According to Ovum, new generation TV services employing digital and internet protocols will increase over the next five years, closing their gap on cable.
Over the next five years, internet protocol TV (IPTV) is expected to grow, globally, at an annual rate of 24%, reaching 109 million households.
But this number is still very far from the 573 million homes that cable TV is expected to reach by 2015, at a growth of 3% per year, predicts Ovum in its most recent report.
“DTT (Digital Terrestrial Television) growth will be fuelled primarily by the further allocation of spectrum for free-to-air services and the implementation of analog switchover deadlines,” said Jonathan Doran, Ovum analyst and author of the report, “while telcos will continue to aggressively market their IPTV offerings as they play catch-up with the longer established cable and satellite pay-TV platforms.”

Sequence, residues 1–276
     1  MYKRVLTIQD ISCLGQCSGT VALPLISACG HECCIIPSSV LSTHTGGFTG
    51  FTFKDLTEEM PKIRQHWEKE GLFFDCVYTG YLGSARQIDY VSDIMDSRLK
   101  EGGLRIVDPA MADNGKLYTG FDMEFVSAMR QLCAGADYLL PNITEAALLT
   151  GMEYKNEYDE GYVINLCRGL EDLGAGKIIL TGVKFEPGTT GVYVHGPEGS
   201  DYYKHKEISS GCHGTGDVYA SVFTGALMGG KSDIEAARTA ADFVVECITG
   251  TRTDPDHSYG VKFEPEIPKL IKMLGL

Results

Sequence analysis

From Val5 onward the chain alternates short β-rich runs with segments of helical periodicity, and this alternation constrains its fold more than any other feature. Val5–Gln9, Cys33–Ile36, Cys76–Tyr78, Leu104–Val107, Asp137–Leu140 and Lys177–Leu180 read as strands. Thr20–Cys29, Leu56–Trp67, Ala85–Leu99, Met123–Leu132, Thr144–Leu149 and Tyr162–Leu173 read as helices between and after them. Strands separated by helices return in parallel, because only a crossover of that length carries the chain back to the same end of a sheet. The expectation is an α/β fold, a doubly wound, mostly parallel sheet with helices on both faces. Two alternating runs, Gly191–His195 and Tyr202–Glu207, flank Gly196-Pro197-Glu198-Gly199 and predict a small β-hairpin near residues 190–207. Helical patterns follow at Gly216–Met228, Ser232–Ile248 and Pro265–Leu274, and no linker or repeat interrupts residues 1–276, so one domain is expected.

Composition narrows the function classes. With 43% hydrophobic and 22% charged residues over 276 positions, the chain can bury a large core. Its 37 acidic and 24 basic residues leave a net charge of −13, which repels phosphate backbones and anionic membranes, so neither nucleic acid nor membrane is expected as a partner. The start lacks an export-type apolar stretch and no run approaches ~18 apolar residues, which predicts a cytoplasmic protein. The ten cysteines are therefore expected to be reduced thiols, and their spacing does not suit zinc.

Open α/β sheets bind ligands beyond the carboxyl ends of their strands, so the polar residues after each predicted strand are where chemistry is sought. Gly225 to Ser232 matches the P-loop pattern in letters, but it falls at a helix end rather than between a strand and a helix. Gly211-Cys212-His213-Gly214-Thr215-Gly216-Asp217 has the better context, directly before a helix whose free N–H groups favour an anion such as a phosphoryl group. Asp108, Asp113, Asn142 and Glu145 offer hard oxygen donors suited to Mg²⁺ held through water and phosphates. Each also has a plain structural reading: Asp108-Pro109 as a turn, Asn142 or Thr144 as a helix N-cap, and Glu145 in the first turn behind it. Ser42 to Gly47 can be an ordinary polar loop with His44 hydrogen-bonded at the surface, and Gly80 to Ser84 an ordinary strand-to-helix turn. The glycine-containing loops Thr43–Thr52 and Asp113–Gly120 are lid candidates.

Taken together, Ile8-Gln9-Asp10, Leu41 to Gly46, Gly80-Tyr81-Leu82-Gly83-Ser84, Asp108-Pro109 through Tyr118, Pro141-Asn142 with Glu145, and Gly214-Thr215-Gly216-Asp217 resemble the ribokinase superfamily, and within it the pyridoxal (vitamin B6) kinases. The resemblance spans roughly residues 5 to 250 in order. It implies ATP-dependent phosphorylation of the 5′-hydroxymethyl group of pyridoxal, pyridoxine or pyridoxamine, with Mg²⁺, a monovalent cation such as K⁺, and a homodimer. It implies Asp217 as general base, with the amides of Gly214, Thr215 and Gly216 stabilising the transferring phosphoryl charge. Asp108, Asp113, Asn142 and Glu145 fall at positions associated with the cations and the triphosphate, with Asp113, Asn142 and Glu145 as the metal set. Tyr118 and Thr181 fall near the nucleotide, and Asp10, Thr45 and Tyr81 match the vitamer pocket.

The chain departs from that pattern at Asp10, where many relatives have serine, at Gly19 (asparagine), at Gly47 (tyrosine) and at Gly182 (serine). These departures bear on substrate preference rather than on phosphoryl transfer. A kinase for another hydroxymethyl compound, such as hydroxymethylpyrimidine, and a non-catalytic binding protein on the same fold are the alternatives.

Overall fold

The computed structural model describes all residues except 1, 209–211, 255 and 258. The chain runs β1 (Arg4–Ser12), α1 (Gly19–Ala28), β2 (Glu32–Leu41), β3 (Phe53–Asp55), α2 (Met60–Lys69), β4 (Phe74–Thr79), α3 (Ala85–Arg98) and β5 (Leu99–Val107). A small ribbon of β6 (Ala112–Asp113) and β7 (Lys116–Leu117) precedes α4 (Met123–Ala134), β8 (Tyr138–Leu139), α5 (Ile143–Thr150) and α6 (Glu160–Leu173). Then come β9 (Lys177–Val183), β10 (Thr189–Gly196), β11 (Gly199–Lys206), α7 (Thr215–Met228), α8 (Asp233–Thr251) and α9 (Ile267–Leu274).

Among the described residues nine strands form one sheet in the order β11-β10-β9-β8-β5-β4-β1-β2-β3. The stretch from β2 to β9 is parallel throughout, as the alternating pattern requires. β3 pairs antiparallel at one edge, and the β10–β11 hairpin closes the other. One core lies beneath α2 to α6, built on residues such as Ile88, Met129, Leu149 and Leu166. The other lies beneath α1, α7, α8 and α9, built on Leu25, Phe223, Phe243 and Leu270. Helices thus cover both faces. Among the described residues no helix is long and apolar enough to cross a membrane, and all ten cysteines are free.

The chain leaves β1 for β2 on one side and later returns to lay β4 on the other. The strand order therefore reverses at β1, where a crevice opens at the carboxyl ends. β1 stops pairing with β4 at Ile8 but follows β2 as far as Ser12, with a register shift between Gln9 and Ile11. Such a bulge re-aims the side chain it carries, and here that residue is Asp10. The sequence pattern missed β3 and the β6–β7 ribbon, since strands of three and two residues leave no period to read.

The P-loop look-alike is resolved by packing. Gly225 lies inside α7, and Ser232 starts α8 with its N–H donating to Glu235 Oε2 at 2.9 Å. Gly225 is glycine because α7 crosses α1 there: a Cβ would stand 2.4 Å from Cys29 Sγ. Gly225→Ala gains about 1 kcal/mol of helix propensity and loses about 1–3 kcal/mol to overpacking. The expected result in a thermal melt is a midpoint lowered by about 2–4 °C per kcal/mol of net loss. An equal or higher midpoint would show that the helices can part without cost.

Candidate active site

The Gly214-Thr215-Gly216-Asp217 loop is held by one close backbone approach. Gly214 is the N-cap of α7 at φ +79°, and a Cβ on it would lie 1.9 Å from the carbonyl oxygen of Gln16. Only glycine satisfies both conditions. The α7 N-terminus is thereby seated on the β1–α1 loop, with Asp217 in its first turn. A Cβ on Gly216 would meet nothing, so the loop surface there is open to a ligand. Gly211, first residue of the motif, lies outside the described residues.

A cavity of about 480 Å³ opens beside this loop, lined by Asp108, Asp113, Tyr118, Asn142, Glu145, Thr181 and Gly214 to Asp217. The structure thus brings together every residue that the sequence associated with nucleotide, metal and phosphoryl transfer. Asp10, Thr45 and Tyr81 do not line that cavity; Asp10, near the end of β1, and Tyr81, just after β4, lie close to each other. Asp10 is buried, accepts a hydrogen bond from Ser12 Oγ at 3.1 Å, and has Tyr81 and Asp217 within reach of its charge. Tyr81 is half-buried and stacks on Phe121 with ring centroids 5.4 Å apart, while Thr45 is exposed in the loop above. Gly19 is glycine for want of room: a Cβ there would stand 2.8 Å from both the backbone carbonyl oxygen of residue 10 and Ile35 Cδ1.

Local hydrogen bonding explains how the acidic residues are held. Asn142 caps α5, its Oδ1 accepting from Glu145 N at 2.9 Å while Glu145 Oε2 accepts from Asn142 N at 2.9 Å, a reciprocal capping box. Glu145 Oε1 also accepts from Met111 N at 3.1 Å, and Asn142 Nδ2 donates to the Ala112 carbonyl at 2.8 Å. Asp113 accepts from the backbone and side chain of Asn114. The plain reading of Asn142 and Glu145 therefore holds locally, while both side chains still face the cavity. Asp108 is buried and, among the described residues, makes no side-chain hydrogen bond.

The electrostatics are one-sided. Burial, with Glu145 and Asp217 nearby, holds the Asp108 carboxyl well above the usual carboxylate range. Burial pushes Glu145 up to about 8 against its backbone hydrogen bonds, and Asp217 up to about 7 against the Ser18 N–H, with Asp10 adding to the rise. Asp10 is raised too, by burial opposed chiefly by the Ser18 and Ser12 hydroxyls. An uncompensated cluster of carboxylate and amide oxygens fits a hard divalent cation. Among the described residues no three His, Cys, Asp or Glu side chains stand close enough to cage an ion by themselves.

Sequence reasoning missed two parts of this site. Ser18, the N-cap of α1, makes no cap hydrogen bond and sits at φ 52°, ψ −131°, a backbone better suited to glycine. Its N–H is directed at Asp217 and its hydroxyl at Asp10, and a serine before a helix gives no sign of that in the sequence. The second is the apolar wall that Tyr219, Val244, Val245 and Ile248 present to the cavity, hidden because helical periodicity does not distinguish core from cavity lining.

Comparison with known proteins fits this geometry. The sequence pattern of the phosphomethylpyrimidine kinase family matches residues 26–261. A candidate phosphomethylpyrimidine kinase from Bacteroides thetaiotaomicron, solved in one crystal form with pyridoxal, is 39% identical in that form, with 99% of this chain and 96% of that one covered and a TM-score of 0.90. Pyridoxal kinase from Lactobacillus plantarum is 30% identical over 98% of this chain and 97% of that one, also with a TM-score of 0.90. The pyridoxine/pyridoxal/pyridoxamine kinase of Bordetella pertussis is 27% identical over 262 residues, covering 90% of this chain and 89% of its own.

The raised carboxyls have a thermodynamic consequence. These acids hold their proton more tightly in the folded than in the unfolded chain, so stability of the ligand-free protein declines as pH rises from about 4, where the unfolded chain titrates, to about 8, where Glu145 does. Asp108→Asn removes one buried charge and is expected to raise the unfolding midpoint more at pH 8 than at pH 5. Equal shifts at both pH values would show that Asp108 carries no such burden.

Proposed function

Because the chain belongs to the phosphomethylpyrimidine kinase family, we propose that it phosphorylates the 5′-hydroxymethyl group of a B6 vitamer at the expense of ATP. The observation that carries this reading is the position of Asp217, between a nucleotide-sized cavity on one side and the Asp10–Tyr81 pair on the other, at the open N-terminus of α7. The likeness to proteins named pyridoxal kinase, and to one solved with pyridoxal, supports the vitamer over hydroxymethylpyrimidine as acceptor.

“Satellite pay-TV will remain stable in the face of competition from emerging low-cost services as it continues to attract a core of higher-value subscribers than cable.”
Internet TV in Australia
Closer to home, IPTV is expected to grow exponentially in the Asia-Pacific region, reaching a number of 43.2 million households in 2015. In 2010, this number was 15.6 million. Still, cable dominates in the region and is expected to connect 388 million households in 2015.
On the other hand, Satellite TV is estimated to have an annual growth of 10% over the next five years, reaching 143 million homes in 2015.
In Australia, IPTV is expected to grow from 90,000 households in 2010 to 342,000 in 2015 but this number is still very low when compared to the 5.894 million households that digital terrestrial is estimated to achieve by 2015, or even when compared to cable, expected to reach 2.175 million Australian households. Satellite TV, in Australia, is estimated to reach 823,000.